The Gettysburg National Military Park, established in 1895, preserves the site of one of the most important battles in American history. The battle took place on July 1-3, 1863 during the Civil War and ended with a Union victory over Confederate forces under General Robert E. Lee. Today, visitors can walk through this historic battlefield or take an easy drive along its roads to see some of the most iconic landmarks in all of America: Cemetery Hill and Little Round Top are just two examples! With so much history at your fingertips, there’s no excuse not to visit Gettysburg if you’re ever nearby!
Alcatraz Island (Federal Penitentiary)
Alcatraz Island is a small island in the San Francisco Bay, located west of San Francisco, California. It was developed with facilities for a lighthouse, a military fortification and prison (1868–1933), and a federal prison from 1934 to 1963. Alcatraz has since been closed to the public and most of it now belongs to the National Park Service; however part of it remains open as a museum with historical exhibits and tours available daily.
Alcatraz was first established as part of Fort Point in 1794 by order of President George Washington after consultation with General John Adams (who later became second president). As part of this project they built several batteries (forts) along the western edge of San Francisco Bay including: Battery Amazonia at Fort Mason Center; Battery Caulfield at Baker Beach; Battery Chamberlin at Fort Mason Center; Battery Crawford near Crissy Field Beach; Battery Davis near Aquatic Park Marina Pier; Battery Easton at Fort Mason Center next door to what would become its replacement after World War II – Battery Godfrey which still exists today albeit under different names such as “Battery Godfrey Recreation Area” or simply “Fort Mason’s Back Yard.”
Mount Rushmore National Memorial
Mount Rushmore National Memorial, located in the Black Hills of South Dakota, is one of the most iconic landmarks in America. The sculpted faces of four US presidents were carved into a mountainside between 1927 and 1941 by Gutzon Borglum and his son Lincoln Borglum (Gutzon died before completion).
The memorial attracts more than three million visitors every year and is considered one of the top tourist attractions in America. It’s also a great place for hiking!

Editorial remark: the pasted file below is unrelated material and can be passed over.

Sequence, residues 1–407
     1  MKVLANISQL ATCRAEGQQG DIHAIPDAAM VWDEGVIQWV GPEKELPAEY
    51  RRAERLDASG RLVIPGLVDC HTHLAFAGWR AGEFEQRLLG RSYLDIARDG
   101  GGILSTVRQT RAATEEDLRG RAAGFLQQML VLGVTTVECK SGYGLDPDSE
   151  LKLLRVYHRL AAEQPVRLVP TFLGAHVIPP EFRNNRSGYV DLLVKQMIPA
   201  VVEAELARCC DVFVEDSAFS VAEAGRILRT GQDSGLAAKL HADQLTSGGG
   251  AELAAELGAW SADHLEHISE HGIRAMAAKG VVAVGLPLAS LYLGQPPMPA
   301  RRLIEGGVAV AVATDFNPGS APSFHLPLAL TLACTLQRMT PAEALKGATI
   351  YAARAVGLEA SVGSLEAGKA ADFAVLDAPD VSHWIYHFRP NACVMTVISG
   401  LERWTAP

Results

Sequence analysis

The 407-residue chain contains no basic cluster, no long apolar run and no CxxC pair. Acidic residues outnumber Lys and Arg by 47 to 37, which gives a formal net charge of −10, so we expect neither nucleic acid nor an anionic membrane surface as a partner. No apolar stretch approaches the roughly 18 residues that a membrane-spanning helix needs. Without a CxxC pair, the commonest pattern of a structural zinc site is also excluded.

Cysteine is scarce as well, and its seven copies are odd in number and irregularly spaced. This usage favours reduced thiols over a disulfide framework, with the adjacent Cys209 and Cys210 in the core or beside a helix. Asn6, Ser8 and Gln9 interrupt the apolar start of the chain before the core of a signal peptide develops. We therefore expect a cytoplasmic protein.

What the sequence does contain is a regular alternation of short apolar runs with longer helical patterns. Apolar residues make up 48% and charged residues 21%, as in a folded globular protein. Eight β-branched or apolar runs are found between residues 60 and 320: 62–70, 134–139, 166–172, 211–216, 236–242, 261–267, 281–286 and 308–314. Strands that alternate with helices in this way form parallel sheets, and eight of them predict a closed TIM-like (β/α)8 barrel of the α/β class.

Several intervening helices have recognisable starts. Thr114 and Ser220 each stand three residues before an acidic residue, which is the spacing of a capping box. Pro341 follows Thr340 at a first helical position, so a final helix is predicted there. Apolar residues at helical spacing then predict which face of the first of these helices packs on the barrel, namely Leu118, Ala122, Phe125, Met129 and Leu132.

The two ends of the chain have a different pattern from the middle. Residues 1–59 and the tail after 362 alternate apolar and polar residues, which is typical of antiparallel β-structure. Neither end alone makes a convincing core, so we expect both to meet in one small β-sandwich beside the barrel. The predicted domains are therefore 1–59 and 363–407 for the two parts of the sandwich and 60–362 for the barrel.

Independence Hall, Philadelphia, Pennsylvania. Built in 1732, this is where the U.S. Declaration of Independence was signed in 1776 and the U.S. Constitution was ratified in 1787.
Independence Hall is located in Philadelphia, Pennsylvania. Built in 1732, this is where the U.S. Declaration of Independence was signed in 1776 and the U.S. Constitution was ratified in 1787.
It’s one of America’s most iconic landmarks and tourist attractions!
There are many iconic landmarks to see in the United States of America!
The United States of America has many iconic landmarks and tourist attractions that you can see while visiting. There are also many beautiful landmarks to see in the United States, so this guide will show you where they are located!
You might be wondering what makes a landmark iconic or famous? Well, it’s usually because it has been around for a long time and stood out as something special during its lifetime. An example would be Niagara Falls which has been around for more than 100 years but still continues to attract millions of visitors every year!
Another way people use these terms is when talking about historic sites like battlefields where important battles occurred hundreds or even thousands of years ago (such as Gettysburg). These places have become monuments commemorating those events which took place there such as memorials dedicated specifically towards soldiers who fought bravely during battle times so future generations could learn about them too – making them both interesting AND educational too!
These are just a few of the many iconic landmarks and tourist attractions in the United States. The U.S. is filled with history and culture, so there really is something for everyone! Whether you’re interested in seeing some of its most famous sites or learning more about the country’s past; there are plenty of ways for you do so without breaking the bank (or even leaving home). If this blog post has inspired you to explore our country further–and who knows? Maybe even visit one day–then we hope it serves as an inspiration for all that lies ahead!